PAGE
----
"for the happy, the sad, I don't want to be, another page in your diary"

Saturday, 4 May 2019

Absconded

L Parkruns this morning but I don’t, saving my injured calf for Monday’s inadvisable half marathon. L wants to run at Clifton but I’m worried the Lad might abscond if we go there but then again he could abscond wherever we go.

In the end he does better than that. He joins in with the run as they go around for their second lap, going toe to toe with the lead dog who is placed second overall. So embarrassing.

In the evening we eat at Broadway and catch a film.

‘Extremely Wicked, Shockingly Evil and Vile’ tells the story of Ted Bundy (Zac Efron), one of America’s most notorious serial killers, from the perspective of his long-time partner Liz Kendall (Lily Collins) with the screenplay taken from her memoir 'The Phantom Prince: My Life with Ted Bundy'.

The couple met in Seattle in 1969 where she was charmed by Bundy, then a law student. He helped her raise her young daughter, Molly, and things were fine until 1975 when out of the blue Ted was accused of murdering several young women.


He claims to Liz that he is being framed but the evidence appears to say otherwise. He is first found guilty of aggravated kidnapping in Utah but is then moved to Colorado where he is charged with murder.

While on trail there he escapes from the courthouse during a recess by jumping out of a second story window but he is recaptured after six days.


Liz decides to end their relationship but still doesn’t know what to believe. She starts drinking heavily as she attempts to deal with the fact that it her who possibly started all this by being the one who gave Ted's name to the Seattle authorities back in 1975.

Ted then escapes jail by sawing a hole in the ceiling of his cell. He is soon rearrested but only after two more women are murdered in Florida.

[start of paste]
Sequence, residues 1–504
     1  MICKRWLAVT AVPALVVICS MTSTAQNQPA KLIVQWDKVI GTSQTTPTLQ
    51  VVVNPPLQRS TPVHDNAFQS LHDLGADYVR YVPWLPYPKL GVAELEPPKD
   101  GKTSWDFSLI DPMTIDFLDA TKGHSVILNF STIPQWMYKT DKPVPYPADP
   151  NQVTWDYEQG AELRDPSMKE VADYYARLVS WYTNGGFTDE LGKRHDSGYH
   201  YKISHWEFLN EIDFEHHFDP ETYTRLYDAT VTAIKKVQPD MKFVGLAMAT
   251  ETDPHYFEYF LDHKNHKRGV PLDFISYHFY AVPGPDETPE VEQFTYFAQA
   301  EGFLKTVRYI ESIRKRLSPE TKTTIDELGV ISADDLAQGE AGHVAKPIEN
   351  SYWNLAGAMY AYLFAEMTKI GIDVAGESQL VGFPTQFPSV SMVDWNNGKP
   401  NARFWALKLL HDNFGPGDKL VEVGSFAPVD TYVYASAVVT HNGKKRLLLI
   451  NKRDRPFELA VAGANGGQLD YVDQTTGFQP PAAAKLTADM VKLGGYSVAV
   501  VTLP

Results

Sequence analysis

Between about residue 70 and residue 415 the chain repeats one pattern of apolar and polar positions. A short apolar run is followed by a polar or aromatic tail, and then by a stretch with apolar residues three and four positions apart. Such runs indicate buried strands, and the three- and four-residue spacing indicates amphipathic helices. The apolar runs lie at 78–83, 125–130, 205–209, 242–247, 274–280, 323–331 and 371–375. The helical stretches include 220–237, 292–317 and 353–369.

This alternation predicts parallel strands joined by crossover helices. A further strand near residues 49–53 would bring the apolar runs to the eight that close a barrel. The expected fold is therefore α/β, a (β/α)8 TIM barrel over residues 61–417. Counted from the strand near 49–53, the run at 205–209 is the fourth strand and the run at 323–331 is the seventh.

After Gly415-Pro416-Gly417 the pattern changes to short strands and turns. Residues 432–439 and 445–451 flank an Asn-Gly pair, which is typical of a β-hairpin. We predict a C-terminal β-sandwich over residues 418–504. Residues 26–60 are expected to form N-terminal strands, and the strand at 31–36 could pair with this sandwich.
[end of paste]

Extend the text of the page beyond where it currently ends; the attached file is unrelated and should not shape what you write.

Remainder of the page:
Liz is not the only one who doesn’t know what to believe. Bundy has quite a following of young women who are fascinated by him and also can’t believe that such a charming and good looking man could be a murderer. One of them is an old flame, Carole Ann Boone (Kaya Scodelario), who moves to Florida to be closer to him.


A pre-trial plea bargain is negotiated in which Bundy would plead guilty to some of the murders in exchange for begin sent to prison for life rather than receiving the death penalty but that would mean admitting he was guilty and Bundy won’t do it.

At the trial, the first to be televised, Bundy handles his own defence and turns much of the trial into a pantomime. He is found guilty, the crucial evidence being the matching of his teeth to the impressions of bite wounds on one of the girls' buttocks. The judge (John Malkovich) sentences him to the electric chair.


Ten years later, after Bundy runs out of appeals, Liz visits him hoping to finally hear the truth but he continues to protest his innocence to her. That is until she shows him a crime scene photograph of one of his decapitated victims and he finally admits that he sawed the girl’s head off.


Bundy was executed in January 1989, aged 42 years, after belatedly confessing to the murder of thirty women. Although the actual total is thought to be much higher.

As we are supposedly to seeing everything through Liz Kendall’s eyes the film wants us to play along with his many protestations of innocence which doesn’t really work as well as it would have done if we all didn’t already know who Ted Bundy was. This approach also makes the film into a bloodless affair until right near the end, which perhaps is no bad thing but that does leave it rather lacking in dramatic effect.

We also never really get to explore why he did what he did or how he got away with it all for so long.

It’s still a good film though and Efron, who is clearly trying to get into grown up film making, puts in an accomplished performance. His decision to play a notorious serial killer was an interesting gambit and one he manages to pull off.

Afterwards we have a drink in the Hockley Rebel and then check out the jaw droppingly expensive Curious Tavern. Which is ok but we probably couldn’t afford to go there very often.

(Saturday 4th May)

No comments:

Post a comment